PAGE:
Carl Rogers’ customer-based therapy, also referred to as person-based therapy, is a nondirective form of conversation remedy that was established during 1940s. Person centered therapy is currently one of the most extensively employed approaches in psychiatric assistance. Carl Rogers is known to be one of the most effective psychologists of the 20th century. He was a humanist philosopher and believed that individuals are essentially excellent. This is because all people possess an actualizing tendency to accomplish their potential and be recognized as the best individuals ever. This context seeks to examine and review the person-centered loom established by Rogers (Rogers, 1951).
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The approach employed by Rogers in his client-based therapy is conversation. It is where the client informs the psychologist his or her problem then the psychiatric comes up with a potential solution. According to Carl Rogers, this approach is the best for all sorts of counseling because it enhances the relationship between the psychologist and the client (Rogers, 1951). Most of the counseling is done at a serene environment where there is no disruption from external concepts. Rogers emphasizes on the point that a tranquil environment enhances the client’s openness and ability to say the truth about personal life.
Rogers establish the approach that helped clients gain self-knowledge and the discovery that the clients were the individuals who knew the responses to their own problems (Rogers, 1951). The difference between Maslow and Rogers is the fact that Maslow employed a theorist approach while Rogers used therapy approach. The aim of Rogers’ profession was to assist individuals advance their lives. This means that Rogers was a real adherent of humanistic ideation and was mostly regarded as the individual who issued psychotherapy its fundamental humanistic undercurrents.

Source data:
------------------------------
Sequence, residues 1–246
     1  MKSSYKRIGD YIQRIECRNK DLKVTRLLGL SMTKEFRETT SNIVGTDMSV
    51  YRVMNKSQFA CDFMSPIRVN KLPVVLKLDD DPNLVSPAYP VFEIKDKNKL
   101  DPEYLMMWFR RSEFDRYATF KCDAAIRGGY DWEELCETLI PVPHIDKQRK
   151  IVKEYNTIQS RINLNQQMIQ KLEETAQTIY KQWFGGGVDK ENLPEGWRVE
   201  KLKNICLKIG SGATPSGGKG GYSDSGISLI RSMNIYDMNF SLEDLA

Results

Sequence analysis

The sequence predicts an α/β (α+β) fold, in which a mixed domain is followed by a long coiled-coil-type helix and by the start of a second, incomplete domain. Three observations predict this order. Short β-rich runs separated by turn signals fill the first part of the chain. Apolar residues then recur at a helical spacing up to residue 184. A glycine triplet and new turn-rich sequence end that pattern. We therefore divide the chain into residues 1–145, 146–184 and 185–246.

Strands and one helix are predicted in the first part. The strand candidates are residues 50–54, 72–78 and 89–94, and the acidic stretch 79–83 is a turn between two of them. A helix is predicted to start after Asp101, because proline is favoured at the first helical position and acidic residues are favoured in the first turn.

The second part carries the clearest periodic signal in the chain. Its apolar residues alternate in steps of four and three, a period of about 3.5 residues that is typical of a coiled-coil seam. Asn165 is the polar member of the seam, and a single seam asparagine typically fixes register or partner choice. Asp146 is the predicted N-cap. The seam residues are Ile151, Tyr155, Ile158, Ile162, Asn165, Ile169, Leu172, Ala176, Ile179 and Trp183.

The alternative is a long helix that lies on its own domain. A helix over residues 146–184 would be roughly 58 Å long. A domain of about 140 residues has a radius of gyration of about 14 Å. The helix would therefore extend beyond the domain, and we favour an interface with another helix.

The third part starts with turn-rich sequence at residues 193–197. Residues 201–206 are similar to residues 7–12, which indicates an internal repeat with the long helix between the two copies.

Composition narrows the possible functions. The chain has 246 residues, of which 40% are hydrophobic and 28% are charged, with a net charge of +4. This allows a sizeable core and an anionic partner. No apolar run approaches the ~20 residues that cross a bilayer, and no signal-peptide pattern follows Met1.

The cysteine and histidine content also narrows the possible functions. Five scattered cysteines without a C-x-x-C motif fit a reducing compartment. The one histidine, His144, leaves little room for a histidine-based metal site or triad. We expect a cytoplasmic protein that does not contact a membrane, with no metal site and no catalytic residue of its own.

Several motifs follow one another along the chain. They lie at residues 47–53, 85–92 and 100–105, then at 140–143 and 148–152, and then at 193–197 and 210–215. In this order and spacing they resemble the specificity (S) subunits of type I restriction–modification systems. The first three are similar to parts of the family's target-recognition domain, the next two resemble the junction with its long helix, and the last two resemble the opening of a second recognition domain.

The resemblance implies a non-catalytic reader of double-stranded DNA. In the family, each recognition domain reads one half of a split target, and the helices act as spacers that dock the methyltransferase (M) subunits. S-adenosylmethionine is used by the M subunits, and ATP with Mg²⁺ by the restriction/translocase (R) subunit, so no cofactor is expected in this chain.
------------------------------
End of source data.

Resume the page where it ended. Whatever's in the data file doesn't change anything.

Rogers believed in numerous chief concepts that he thought must exist in order for a healthy alteration to occur. He called his treatment client-centered therapy because it views the person rather than the therapist or the healing process as the axis of efficient modification. Some of the basic concepts are as mentioned (Rogers, 1951). First, there is unconditional positive concern where the therapist has to illustrate to the clients that they are fundamentally decent and prove this belief to them. The significance of unconditional positive regard is the fact that it makes clients feel free and disclose all information required without feeling unworthy. It helps them reveal the negative aspect of their lives and enhance their treatment. This concept does not mean that the therapist has to agree to all the actions the client may reveal.
Second, Rogers named nonjudgmental attitude, which should be consistent with viewing the client as worthy. According to Rogers, individuals are competent in observing their mistakes and realizing what deserves to be altered even if they may not admit it at first. Judging an individual also prevent him or her from disclosing personal information that has to be known in order to influence the treatment. Another basic concept outlined by Rogers is disclosure, which is the sharing of private information (Rogers, 1951). Rogers believed that in order to make the client disclose personal information, the therapist must do the same. This means that maintaining the secrecy, as a therapist is not an effective approach because it may cause the client to refuse to disclose personal information. The last concept is reflection where Rogers believed the chief concept to comprehending the self is not interpretation but rather, reflection.
Carl Rogers’ approach to solving client problems was the best in the 20th century and it is still in use today. He believed that a person must participate in self-discovery which means that he has to disclose personal information before receiving solution to his problems. The therapist on the other hand should also disclose his personal life to the client to facilitate his confidence of telling the truth. This is the best approach in counseling because it provides excellent results to clients.
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